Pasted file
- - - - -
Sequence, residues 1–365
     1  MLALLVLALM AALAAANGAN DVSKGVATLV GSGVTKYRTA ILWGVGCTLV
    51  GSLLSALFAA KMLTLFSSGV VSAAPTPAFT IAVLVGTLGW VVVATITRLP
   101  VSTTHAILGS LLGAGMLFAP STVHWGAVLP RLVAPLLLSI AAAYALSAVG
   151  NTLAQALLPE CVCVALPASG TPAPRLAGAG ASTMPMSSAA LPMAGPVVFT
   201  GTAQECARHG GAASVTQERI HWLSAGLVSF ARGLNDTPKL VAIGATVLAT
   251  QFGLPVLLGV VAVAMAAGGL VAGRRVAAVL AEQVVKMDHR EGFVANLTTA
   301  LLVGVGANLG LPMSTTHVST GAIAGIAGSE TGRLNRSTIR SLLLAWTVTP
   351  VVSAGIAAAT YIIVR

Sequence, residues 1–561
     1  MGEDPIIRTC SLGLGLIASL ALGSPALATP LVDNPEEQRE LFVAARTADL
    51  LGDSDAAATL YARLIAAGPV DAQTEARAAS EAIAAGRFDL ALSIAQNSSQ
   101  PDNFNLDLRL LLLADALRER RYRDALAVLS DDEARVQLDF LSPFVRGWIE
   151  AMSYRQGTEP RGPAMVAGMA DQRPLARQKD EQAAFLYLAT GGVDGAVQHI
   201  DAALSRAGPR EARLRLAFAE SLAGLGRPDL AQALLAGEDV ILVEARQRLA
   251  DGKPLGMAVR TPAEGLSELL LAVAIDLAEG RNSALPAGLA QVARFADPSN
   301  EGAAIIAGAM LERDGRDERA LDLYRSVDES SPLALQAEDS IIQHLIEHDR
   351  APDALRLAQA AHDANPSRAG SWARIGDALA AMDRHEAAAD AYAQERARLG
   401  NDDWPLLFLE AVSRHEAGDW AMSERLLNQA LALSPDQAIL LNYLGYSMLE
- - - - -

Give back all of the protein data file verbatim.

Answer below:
Sequence, residues 1–365
     1  MLALLVLALM AALAAANGAN DVSKGVATLV GSGVTKYRTA ILWGVGCTLV
    51  GSLLSALFAA KMLTLFSSGV VSAAPTPAFT IAVLVGTLGW VVVATITRLP
   101  VSTTHAILGS LLGAGMLFAP STVHWGAVLP RLVAPLLLSI AAAYALSAVG
   151  NTLAQALLPE CVCVALPASG TPAPRLAGAG ASTMPMSSAA LPMAGPVVFT
   201  GTAQECARHG GAASVTQERI HWLSAGLVSF ARGLNDTPKL VAIGATVLAT
   251  QFGLPVLLGV VAVAMAAGGL VAGRRVAAVL AEQVVKMDHR EGFVANLTTA
   301  LLVGVGANLG LPMSTTHVST GAIAGIAGSE TGRLNRSTIR SLLLAWTVTP
   351  VVSAGIAAAT YIIVR

Sequence, residues 1–561
     1  MGEDPIIRTC SLGLGLIASL ALGSPALATP LVDNPEEQRE LFVAARTADL
    51  LGDSDAAATL YARLIAAGPV DAQTEARAAS EAIAAGRFDL ALSIAQNSSQ
   101  PDNFNLDLRL LLLADALRER RYRDALAVLS DDEARVQLDF LSPFVRGWIE
   151  AMSYRQGTEP RGPAMVAGMA DQRPLARQKD EQAAFLYLAT GGVDGAVQHI
   201  DAALSRAGPR EARLRLAFAE SLAGLGRPDL AQALLAGEDV ILVEARQRLA
   251  DGKPLGMAVR TPAEGLSELL LAVAIDLAEG RNSALPAGLA QVARFADPSN
   301  EGAAIIAGAM LERDGRDERA LDLYRSVDES SPLALQAEDS IIQHLIEHDR
   351  APDALRLAQA AHDANPSRAG SWARIGDALA AMDRHEAAAD AYAQERARLG
   401  NDDWPLLFLE AVSRHEAGDW AMSERLLNQA LALSPDQAIL LNYLGYSMLE